Apple Inc is moving forward with self-driving car technology and is targeting 2024 to supply a passenger vehicle that would include its own breakthrough battery technology, people conversant in the matter told Reuters.
The iPhone maker’s automotive efforts, referred to as Project Titan, have proceeded unevenly since 2014 when it first began to design its own vehicle from scratch. At one point, Apple drew back the trouble to specialise in software and reassessed its goals. Doug Field, an Apple veteran who had worked at Tesla Inc, returned to oversee the project in 2018 and laid off 190 people from the team in 2019.
Since then, Apple has progressed enough that it now aims to create a vehicle for consumers, two people conversant in the trouble said, asking to not be named because Apple’s plans aren’t public. Apple’s goal of building a private vehicle for the mass market contrasts with rivals like Alphabet Inc’s Waymo, which has built robo-taxis to hold passengers for a driverless ride-hailing service.
Central to Apple’s strategy may be a new battery design that would “radically” reduce the value of batteries and increase the vehicle’s range, consistent with a 3rd one that has seen Apple’s battery design.
Apple declined to discuss its plans or future products.
Making a vehicle represents a supply chain challenge even for Apple, a corporation with deep pockets that creates many many electronics products annually with parts from round the world, but has never made a car. It took Elon Musk’s Tesla 17 years before it finally turned a sustained profit making cars.
“If there’s one company on the earth that has the resources to try to to that, it’s probably Apple. But at an equivalent time, it’s not a cellphone,” said an individual who worked on Project Titan.
It remains unclear who would assemble an Apple-branded car, but sources have said they expect the corporate to believe a producing partner to create vehicles. And there’s still an opportunity Apple will plan to reduce the scope of its efforts to an autonomous driving system that might be integrated with a car made by a standard automaker, instead of the iPhone maker selling an Apple-branded car, one among the people added.
Two people with knowledge of Apple’s plans warned pandemic-related delays could push the beginning of production into 2025 or beyond.
Shares of Tesla ended 6.5% lower on Monday after their debut within the S&P 500 on Monday. Apple shares ended 1.24% higher after the news.
Apple has decided to tap outside partners for elements of the system, including lidar sensors, which help self-driving cars get a three-dimensional view of the road, two people conversant in the company’s plans said.
Apple’s car might feature multiple lidar sensors for scanning different distances, another person said. Some sensors might be derived from Apple’s internally developed lidar units, that person said. Apple’s iPhone 12 Pro and iPad Pro models released this year both feature lidar sensors.
Reuters had previously reported that Apple had held talks with potential lidar suppliers, but it had been also examining building its own sensor.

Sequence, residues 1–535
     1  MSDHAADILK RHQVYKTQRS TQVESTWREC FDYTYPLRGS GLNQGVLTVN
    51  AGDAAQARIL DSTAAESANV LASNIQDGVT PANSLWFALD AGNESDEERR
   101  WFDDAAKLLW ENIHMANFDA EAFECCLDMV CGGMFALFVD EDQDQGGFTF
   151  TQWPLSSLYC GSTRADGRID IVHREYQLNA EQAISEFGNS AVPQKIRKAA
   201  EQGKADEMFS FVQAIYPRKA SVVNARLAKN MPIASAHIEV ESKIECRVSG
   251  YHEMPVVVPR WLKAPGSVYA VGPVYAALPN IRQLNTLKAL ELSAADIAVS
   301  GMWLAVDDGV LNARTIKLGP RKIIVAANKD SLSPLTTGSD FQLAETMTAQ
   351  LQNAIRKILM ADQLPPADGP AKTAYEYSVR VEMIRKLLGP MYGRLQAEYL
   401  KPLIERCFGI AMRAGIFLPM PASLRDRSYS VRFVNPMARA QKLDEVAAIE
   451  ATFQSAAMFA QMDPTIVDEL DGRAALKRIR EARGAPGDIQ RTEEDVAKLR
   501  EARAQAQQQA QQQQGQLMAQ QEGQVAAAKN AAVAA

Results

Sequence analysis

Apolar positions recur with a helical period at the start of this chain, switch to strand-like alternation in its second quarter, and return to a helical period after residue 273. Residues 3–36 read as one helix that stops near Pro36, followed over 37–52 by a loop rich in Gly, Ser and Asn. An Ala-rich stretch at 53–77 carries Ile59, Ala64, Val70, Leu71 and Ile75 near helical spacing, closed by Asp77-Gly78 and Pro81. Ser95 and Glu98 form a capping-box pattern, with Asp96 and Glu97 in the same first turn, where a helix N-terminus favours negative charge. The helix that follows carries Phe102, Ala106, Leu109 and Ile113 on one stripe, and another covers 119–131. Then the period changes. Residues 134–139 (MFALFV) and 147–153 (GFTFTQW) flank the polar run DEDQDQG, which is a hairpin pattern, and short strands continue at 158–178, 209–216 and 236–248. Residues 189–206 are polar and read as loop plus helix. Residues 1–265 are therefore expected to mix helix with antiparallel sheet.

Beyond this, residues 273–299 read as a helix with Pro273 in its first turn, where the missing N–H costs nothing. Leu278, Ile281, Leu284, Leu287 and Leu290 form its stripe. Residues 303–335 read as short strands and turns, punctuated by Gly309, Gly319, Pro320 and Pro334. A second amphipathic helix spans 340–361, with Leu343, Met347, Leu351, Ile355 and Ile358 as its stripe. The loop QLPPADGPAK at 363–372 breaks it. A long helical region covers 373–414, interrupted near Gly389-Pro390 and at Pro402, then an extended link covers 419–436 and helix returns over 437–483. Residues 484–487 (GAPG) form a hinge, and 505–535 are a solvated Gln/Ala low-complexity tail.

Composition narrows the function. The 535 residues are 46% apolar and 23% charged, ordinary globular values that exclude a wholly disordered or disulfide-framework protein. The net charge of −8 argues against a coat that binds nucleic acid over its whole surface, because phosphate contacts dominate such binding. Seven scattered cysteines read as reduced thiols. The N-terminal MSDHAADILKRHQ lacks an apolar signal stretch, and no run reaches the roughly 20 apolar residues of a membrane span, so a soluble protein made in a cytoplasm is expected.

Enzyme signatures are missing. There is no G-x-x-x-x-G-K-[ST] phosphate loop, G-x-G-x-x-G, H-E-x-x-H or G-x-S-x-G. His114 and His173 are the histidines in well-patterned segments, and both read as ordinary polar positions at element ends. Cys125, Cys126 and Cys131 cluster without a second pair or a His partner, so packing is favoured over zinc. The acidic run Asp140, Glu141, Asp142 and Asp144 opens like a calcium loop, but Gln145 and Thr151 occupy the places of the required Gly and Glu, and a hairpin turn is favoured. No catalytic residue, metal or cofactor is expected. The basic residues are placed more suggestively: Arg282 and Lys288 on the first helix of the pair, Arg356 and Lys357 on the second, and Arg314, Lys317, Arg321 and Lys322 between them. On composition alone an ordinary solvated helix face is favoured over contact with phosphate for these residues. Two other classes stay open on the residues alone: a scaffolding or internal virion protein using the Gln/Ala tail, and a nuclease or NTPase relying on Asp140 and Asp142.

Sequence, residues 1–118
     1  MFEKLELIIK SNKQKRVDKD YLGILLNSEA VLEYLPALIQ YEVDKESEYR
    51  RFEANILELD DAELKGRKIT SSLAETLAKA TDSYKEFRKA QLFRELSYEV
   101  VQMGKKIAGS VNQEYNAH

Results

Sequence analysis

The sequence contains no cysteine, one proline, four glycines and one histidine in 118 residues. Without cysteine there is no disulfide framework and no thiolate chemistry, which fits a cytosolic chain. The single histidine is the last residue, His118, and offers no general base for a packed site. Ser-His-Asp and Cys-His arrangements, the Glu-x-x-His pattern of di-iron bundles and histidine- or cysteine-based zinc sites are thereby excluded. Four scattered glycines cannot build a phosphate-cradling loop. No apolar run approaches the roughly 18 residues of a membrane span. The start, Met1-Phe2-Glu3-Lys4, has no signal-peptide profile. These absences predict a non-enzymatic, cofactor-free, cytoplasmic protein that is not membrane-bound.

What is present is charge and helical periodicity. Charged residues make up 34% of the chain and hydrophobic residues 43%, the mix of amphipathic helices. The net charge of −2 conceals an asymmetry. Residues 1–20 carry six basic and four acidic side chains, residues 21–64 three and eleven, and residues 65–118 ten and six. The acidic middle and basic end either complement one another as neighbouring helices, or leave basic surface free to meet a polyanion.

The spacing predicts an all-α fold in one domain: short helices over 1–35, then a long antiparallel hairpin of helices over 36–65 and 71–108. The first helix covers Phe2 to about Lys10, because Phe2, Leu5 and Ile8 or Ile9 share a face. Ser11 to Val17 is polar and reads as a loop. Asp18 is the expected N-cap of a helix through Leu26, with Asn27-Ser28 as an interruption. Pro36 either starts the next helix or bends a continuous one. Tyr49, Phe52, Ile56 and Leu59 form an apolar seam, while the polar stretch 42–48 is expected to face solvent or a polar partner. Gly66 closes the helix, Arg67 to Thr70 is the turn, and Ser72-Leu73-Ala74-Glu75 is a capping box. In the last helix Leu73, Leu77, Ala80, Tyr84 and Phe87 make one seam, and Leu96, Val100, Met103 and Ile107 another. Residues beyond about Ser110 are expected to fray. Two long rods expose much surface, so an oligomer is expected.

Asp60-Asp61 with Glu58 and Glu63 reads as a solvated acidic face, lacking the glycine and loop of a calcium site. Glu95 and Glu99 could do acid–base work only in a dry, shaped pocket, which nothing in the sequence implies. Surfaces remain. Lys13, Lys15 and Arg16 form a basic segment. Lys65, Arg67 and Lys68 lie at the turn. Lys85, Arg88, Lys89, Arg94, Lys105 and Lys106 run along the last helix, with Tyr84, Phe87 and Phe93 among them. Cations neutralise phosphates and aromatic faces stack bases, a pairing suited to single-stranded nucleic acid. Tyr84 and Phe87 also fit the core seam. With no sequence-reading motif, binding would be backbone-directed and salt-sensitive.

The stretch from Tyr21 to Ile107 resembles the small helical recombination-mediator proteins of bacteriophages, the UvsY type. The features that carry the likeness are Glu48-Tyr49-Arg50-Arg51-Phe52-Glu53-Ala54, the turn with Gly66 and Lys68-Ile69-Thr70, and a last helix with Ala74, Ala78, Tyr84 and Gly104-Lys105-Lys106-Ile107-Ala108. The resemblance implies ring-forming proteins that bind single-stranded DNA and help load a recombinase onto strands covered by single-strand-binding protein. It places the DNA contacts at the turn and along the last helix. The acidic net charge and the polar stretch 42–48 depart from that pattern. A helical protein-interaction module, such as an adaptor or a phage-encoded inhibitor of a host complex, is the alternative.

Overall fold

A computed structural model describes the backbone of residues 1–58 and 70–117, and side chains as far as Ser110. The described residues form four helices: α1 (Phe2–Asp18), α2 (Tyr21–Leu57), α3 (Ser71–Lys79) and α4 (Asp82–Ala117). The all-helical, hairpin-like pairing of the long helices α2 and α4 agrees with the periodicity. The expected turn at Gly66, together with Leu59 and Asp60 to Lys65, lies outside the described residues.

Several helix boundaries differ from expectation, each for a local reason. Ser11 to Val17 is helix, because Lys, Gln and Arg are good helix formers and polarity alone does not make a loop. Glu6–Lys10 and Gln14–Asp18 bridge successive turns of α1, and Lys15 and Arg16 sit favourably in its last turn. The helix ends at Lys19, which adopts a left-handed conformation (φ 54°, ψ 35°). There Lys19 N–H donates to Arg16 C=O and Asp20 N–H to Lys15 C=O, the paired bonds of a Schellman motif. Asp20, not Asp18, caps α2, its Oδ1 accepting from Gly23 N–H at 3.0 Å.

As for the car’s battery, Apple plans to use a singular “monocell” design that bulks up the individual cells within the battery and frees up space inside the battery pack by eliminating pouches and modules that hold battery materials, one among the people said.
Apple’s design means more active material are often packed inside the battery, giving the car a potentially longer range. Apple is additionally examining a chemistry for the battery called LFP, or lithium iron phosphate, the person said, which is inherently less likely to overheat and is thus safer than other sorts of lithium-ion batteries.
”It’s next level,” the person said of Apple’s battery technology. “Like the primary time you saw the iPhone.”
Apple had previously engaged Magna International Inc in talks about manufacturing a car, but the talks faded as Apple’s plans became unclear, an individual conversant in those previous efforts said. Magna didn’t immediately answer an invitation for comment.
To turn a profit, automotive contract manufacturers often invite volumes that would pose a challenge even to Apple, which might be a newcomer to the automotive market.
“In order to possess a viable factory , you would like 100,000 vehicles annually, with more volume to return ,” the person said.
Some Apple investors reacted to the Reuters report on the company’s plans with caution. Trip Miller, managing partner at Apple investor Gullane Capital Partners, said it might be tough for Apple to supply large volumes of cars out of the gate.
“It would appear to me that if Apple develops some advanced OS or battery technology, it might be best utilized during a partnership with an existing manufacturer under license,” Miller said. “As we see with Tesla and therefore the legacy auto companies, having a really complex manufacturing network round the globe doesn’t happen overnight.”
Hal Eddins, chief economist at Apple shareholder Capital Investment Counsel, said Apple features a history of upper margins than most automakers.
“My initial reaction as a shareholder is, huh?” Eddins said. “Still don’t really see the appeal of the car business, but Apple could also be eyeing another angle than what I’m seeing.”
Source : Reuters